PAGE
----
3. How can it be that Granted Workspace Memory and Reserved Server Memory started consuming ~ 112 and 110 GB when the issue started, given that Max Server Memory is 180 GB and Database Cache Memory remained ~ 150 GB all the time? Did it over-commit memory or something like that ?

  4. Why would a statement inside SP that usually completes within 10 ms for months, starts to experience RESOURCE_SEMAPHORE wait and complete in 4000-8000 ms ?

  5. How can issue be solved in a more surgical way, without doing manual failover to secondary replica? How can I calm down the query and bring it back to 10 ms ? Plan needs to be dropped, or query recompiled, etc. ? What is the best way to do it and monitor it?

  6. Brent Ozar First Responder Kit or other diagnostic procedures - in which sequence should be executed during performance issues, to better understand what is going on ?

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  • Was there something else going on on the server, like a system update? How big is your system page file pagefile.sys, it could be trying to use paged memory? – Charlieface Mar 31 at 10:57
  • @Charlieface no system updates, all CPU was consumed by SQL Server; pagefile was not used, machine had ~50 GB free of RAM – Aleksey Vitsko Mar 31 at 12:30
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    Are you able to reproduce the issue still on the (now) secondary replica if you run the procedure? I just wonder if you ran into a bad cached query plan due to parameter sniffing or a statistics problem on that server. Either one could've been potentially solved by a failover. – J.D. Mar 31 at 12:51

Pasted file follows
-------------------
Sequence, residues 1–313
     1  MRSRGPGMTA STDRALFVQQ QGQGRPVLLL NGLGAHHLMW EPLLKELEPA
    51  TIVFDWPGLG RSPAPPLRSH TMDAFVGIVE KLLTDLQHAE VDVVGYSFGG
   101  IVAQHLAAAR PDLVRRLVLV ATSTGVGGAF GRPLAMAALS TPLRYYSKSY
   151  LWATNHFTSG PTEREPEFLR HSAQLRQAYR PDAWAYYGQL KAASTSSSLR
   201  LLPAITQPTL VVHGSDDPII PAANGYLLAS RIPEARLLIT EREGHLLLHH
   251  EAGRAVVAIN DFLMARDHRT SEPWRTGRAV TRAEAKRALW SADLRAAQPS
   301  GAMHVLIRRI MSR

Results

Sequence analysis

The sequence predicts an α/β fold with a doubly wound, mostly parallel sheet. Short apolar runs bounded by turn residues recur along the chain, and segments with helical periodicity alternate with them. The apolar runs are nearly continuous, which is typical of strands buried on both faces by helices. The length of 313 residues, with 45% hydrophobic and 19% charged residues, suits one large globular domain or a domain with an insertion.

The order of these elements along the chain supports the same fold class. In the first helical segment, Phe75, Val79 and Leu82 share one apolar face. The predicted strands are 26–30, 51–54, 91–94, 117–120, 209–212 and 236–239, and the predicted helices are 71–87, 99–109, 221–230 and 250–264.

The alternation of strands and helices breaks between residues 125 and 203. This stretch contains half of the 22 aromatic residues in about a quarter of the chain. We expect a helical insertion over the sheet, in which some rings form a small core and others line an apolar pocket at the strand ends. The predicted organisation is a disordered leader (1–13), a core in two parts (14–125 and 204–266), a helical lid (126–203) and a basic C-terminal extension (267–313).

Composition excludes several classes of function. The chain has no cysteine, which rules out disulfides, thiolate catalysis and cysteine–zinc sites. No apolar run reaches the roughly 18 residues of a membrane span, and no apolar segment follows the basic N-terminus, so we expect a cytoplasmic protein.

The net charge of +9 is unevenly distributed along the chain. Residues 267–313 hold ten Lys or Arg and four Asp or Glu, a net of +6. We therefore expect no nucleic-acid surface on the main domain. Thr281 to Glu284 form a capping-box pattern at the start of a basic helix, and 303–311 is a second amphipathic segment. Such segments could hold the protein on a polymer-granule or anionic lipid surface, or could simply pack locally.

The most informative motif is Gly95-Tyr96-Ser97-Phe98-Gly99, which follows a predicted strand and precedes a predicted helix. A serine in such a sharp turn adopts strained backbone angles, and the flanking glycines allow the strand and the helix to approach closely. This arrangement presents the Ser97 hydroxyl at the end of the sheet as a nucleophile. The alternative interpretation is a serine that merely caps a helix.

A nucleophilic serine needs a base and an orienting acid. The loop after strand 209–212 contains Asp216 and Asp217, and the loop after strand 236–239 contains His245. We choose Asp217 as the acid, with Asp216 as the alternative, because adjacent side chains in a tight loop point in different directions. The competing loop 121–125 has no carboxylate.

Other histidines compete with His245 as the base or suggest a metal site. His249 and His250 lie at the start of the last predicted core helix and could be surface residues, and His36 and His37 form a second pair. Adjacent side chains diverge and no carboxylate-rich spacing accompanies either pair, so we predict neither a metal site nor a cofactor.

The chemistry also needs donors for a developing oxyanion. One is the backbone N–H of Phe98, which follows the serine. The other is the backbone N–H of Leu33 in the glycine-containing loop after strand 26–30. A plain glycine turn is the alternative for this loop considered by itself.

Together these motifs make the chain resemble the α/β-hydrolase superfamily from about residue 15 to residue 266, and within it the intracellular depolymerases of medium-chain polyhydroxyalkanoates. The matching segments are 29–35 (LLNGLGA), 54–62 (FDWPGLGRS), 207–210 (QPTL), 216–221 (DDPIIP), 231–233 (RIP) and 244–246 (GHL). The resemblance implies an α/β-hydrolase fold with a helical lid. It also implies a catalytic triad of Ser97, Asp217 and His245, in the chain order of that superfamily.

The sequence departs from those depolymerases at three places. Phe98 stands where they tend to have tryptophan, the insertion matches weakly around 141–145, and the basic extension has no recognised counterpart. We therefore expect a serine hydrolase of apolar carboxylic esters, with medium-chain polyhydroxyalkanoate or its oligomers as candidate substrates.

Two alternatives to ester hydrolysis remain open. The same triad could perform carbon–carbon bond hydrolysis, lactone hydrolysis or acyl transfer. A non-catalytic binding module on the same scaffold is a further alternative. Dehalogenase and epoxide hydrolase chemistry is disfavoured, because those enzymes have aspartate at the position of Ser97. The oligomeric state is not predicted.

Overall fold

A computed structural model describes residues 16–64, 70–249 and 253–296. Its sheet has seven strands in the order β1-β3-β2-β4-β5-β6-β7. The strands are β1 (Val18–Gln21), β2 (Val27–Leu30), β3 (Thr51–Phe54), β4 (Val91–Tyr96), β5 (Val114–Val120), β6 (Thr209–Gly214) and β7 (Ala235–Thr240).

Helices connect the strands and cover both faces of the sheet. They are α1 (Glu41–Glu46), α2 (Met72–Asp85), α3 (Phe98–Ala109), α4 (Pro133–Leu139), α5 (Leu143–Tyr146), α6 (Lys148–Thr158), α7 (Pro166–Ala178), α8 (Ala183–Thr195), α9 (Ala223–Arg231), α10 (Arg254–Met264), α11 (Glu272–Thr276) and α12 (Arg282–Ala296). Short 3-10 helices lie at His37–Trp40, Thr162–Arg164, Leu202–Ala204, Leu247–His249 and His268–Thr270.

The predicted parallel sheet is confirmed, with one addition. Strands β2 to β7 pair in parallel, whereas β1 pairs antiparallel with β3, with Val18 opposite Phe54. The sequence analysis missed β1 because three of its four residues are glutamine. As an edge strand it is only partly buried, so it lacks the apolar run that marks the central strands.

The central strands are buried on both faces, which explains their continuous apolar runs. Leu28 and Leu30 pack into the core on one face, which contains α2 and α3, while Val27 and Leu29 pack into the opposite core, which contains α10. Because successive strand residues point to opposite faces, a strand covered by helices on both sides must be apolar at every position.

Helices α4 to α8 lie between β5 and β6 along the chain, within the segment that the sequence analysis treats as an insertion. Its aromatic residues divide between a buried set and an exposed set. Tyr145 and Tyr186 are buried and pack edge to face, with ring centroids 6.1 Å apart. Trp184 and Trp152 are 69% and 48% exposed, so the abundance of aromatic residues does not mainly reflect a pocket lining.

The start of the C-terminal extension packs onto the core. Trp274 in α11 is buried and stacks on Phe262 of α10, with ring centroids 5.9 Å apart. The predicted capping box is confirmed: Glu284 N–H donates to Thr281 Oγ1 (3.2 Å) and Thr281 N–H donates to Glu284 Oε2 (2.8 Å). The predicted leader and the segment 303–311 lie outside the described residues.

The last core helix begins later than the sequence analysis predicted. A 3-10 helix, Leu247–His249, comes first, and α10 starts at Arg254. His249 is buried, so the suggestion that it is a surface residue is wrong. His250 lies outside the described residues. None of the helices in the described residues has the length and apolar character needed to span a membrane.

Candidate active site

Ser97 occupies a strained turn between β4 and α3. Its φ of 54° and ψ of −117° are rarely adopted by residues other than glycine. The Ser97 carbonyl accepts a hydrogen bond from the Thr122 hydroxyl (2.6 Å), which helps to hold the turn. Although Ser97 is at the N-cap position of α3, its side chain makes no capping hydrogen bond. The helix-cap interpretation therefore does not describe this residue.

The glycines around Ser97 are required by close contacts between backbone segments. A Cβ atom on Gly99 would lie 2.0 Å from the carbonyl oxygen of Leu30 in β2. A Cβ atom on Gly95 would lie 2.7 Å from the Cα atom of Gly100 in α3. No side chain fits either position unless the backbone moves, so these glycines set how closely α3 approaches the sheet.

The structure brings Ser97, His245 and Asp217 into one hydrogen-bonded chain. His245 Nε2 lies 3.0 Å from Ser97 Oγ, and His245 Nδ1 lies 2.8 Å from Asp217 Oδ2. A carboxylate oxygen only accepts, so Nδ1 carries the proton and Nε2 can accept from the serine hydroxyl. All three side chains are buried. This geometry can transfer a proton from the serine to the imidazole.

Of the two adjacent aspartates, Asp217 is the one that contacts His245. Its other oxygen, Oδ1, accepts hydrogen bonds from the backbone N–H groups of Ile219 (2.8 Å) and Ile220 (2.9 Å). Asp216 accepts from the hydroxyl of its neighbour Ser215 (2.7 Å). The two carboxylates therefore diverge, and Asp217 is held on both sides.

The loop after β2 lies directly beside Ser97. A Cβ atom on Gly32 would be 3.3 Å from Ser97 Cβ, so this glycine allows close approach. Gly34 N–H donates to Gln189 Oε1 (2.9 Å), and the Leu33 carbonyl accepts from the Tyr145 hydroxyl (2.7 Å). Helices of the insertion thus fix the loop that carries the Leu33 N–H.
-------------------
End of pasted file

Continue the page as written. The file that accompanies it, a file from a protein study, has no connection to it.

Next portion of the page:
• @J.D. not able to reproduce, because final goal of procedure is inserting or updating data into tables (p.s. there are many statements inside SPs, that are doing some calculations, using temp tables etc., and finally inserting result into permanent tables, which is not possible on secondary because of its read-only state – Aleksey Vitsko Mar 31 at 13:41
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    Well, it's quite complex topic. I would start here: brentozar.com/sql/parameter-sniffing Is it vulnerable? Basicaly (and not completely), procedure has to have input parameters and those parameters has to play in queries above not evenly distributed data. – jericzech Apr 1 at 19:53
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What are your thoughts and experience on above ?

Why would a statement inside SP that usually completes within 10 ms for months, starts to experience RESOURCE_SEMAPHORE wait and complete in 4000-8000 ms ?

CPU pressure caused by bad plans. You should track and manage plan stability with Query Store, as well as investigating bad plans and remediating with additional index and statistics, and perhaps changes to the queries.

Can constant RESOURCE_SEMAPHORE waits and Memory Grants Pending cause pressure on CPU just to allocate workspace memory for queries?

No, it's the other way around. Bad plans are resource intensive, driving both large memory allocations and CPU use.